Friday, August 3, 2012

Frost Heave

Frost heave is a process during freezing that causes ice lenses to be formed. Water is drawn to the freezing front. This process required three conditions; a slowly advancing freezing front, a soil that is permeable enough, yet has capillary rise, and a water table within the capillary rise. It is even worse it freezing occurs below the water table. This is all extra to the simple phase change volume increase.

Simple phase change can cause volume changes of 4 percent of the freezing depth; however, 2 percent is more typical. Frost heaves on the other hand can much large, often 150 mms to 300 mms on rural roads, and similar earth structures. Note that the frost penetration is much less in ice lens as the energy loss required to freeze water is greater. Normal soil has no laden heat, and its thermal capacity is only 10 to 15 percent of water, but the soil density is 1.5 to 2.2 time that of water, so a unit volume of soil has typically 15 to 20 percent thermal capacity plus that of contained water. For this reason, frost penetration is greater in dry soil, and typically greater in sand than clay due to the water retention properties of clays.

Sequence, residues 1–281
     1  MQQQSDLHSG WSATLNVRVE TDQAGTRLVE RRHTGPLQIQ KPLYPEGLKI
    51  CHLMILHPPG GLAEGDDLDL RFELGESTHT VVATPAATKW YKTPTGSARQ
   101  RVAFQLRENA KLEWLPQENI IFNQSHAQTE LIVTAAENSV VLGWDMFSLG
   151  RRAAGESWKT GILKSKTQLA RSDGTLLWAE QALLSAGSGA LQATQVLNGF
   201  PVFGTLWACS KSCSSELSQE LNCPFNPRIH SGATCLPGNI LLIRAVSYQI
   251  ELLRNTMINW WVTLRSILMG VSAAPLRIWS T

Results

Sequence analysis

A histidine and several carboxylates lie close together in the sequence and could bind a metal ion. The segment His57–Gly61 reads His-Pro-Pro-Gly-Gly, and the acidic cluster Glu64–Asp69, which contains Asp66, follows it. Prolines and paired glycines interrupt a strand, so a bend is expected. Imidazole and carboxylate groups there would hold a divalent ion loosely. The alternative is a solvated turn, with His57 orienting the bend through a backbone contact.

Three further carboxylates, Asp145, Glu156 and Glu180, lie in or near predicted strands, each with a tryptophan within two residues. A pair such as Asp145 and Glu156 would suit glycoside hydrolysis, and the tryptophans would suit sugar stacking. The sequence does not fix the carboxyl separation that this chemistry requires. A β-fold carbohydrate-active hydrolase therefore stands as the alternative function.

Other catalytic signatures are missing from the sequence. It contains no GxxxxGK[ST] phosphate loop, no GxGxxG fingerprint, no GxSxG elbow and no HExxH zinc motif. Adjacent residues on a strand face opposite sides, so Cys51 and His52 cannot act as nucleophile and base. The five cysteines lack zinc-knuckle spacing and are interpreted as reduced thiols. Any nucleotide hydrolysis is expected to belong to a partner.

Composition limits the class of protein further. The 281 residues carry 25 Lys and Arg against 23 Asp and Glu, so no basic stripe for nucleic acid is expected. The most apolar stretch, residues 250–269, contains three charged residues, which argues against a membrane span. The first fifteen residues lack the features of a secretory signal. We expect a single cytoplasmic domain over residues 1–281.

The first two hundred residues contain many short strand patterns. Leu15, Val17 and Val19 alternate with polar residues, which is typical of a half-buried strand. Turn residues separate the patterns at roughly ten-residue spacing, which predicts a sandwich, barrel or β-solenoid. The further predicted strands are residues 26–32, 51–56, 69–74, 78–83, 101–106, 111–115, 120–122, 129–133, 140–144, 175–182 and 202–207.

Silt sized material, with fine sand and small amount of clays is about the worst material for frost heave. This is usually delta sorted material or river settlements. These frequently occur in low land where water is also found. Road fills also reduce the likelihood of frost penetration, which is one thing that can help. Insulation under the pavement structure can also help.

Frost heaves, in the City's, where no frost heave has previously occurred are often indicators of water leaks, as these provide a source of water.  When opening these to expore the cause in clay tills, frequently, a water bearing crevasse infilling sand seam in east Edmonton / Sherwood Park area.  

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